And look, there's an element of truth to this.  Classical music is not a growing field, and it is leg…

Shaq and the Oboe

Here’s my FAVORITE thing about that Shaquille O'Neal video everyone's sharing this week - it’s how HAPPY he is playing this silly game and how little he CARES what the oboe actually SOUNDS LIKE or how to play it. 
Almost as if the oboe is not a giant obstacle to overcome.

Instead of focusing on the CRAFT of the instrument, the precise fingerings, the quality of the sound, the finesse of the vibrato - his focus is on DELIVERING the SONG.   It’s on COMMUNICATION, not perfection.


What a LIBERATING concept!


When I am playing my best, I find that I can surpass the STRUGGLE and come to a place where my focus is on communication.   I can sing through the instrument, and I can use that voice to reach out and find someone else.  This is really what being In the Zone means for me - it's when I don’t have to engage with the OBOE and instead can be generous with my VOICE for the audience.


I seek and strive for this Zone all the time - it’s the whole point of practicing! I practice long…

What I Did on My Summer Vacation

We took a vacation this summer.This is not news to anyone in my life - anyone who knows me or especially Steve on Facebook followed along with all of our pictures.We took our travel trailer out to Arizona - via St Louis, Tulsa, Amarillo, Roswell, Santa Fe - and then stayed a week in Clarksdale and Flagstaff and visited some ancient pueblo ruins, Sedona, Jerome, the Lowell Observatory, the Grand Canyon.We swam in swimming pools, lakes, and icy mountain streams.We hiked.Eventually we came home again, via Albuquerque, Amarillo, Tulsa, and St Louis. (our inventiveness had somewhat worn out).After a week at home we took another trip, and drove to Vermont via western NY and the Adirondack Park (stayed an extra day to hike a mountain), lived four days in East Franklin VT, and came home via Catskill and eastern Ohio.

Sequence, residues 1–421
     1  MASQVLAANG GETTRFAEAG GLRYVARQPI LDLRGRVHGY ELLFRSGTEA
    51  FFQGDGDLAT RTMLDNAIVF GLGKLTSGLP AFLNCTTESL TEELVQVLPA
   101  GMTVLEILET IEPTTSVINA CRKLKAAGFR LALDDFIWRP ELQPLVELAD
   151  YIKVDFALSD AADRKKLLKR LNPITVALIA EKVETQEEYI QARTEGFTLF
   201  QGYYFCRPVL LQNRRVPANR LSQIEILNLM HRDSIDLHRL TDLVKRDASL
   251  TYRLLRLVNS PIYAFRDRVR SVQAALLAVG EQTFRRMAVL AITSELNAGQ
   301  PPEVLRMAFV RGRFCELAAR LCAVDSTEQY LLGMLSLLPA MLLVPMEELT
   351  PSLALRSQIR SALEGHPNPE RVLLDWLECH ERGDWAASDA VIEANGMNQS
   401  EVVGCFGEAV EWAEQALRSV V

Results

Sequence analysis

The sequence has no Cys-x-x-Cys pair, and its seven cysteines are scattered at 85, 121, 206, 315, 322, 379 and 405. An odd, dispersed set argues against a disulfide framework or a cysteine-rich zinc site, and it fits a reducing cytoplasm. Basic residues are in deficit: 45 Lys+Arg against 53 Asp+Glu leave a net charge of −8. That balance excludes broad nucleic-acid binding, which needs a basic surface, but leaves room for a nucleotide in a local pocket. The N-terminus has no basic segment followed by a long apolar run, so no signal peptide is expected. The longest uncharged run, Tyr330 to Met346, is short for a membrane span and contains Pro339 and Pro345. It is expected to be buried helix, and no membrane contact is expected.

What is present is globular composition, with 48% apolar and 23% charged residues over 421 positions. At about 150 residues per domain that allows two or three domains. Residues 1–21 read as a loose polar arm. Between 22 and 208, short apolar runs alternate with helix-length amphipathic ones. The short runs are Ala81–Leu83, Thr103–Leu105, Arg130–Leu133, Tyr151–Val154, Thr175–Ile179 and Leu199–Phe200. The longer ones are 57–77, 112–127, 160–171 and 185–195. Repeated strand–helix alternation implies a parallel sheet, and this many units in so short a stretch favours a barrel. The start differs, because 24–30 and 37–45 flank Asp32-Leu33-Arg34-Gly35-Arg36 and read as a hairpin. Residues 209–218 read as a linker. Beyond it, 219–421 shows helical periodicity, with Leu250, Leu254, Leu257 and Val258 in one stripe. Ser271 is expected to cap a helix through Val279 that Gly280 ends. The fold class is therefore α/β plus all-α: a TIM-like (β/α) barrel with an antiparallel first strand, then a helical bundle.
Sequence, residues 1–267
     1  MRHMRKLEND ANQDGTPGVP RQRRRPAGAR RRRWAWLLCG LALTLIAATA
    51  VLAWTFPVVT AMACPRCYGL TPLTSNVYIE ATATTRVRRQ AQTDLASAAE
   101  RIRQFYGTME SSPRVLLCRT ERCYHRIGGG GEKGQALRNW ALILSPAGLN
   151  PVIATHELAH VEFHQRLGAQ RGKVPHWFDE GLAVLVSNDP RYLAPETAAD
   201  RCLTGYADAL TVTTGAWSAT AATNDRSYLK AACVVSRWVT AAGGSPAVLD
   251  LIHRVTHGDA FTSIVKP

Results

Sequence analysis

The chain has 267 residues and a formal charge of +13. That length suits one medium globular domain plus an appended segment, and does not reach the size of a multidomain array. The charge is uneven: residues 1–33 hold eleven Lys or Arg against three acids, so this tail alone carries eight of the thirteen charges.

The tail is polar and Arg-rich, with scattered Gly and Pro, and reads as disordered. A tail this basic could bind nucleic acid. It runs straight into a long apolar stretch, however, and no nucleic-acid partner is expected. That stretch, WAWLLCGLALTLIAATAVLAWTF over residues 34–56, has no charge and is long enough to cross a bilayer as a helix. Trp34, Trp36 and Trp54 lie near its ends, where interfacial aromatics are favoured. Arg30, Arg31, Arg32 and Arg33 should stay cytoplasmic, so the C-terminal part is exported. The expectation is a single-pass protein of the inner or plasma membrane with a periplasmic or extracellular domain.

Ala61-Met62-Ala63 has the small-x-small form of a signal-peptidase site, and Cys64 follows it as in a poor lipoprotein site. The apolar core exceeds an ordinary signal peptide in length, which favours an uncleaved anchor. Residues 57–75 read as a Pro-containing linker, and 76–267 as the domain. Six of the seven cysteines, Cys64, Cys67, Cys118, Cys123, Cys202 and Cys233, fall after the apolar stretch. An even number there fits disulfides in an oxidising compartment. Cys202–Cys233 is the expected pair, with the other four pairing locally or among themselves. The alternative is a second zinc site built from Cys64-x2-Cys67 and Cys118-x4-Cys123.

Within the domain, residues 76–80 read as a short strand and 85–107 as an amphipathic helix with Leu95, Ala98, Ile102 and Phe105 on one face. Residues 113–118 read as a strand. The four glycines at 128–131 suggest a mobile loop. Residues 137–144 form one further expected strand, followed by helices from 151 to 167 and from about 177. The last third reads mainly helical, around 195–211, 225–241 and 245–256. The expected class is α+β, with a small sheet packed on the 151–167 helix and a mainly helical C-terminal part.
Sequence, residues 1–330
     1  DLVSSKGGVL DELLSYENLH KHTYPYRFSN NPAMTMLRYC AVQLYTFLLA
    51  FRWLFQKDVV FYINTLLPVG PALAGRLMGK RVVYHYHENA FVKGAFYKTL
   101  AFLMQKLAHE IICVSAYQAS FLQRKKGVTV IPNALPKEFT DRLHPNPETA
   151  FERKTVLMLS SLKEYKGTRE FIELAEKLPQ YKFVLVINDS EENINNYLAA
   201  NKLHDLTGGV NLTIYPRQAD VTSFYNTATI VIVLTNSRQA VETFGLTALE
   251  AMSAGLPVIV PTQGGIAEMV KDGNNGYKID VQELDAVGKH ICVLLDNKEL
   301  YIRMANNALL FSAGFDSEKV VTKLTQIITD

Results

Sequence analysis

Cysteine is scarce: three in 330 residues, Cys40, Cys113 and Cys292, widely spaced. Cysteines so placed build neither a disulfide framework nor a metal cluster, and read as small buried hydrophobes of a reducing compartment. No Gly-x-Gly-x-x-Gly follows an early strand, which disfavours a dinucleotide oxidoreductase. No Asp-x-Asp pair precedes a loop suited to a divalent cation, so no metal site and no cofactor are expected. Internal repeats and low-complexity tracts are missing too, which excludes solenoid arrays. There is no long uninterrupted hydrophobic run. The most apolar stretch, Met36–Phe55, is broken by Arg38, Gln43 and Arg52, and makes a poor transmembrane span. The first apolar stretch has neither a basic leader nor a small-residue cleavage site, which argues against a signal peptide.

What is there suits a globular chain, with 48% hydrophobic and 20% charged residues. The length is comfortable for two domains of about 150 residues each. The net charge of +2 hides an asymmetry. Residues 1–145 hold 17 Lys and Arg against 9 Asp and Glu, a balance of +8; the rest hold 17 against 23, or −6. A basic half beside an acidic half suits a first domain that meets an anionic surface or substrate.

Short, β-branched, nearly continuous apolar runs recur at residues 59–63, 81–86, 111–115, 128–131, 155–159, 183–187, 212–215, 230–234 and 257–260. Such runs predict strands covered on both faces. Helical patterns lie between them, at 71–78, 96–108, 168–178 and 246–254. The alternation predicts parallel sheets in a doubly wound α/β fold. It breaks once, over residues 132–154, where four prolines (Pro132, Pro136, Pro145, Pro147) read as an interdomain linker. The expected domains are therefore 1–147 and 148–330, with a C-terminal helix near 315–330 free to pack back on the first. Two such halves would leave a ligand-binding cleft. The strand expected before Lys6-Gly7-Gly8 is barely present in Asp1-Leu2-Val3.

This vacation felt different from all of our previous ones.In the 21 years we’ve been married, I can name only one - maybe two trips we ever took that were not For Work or For …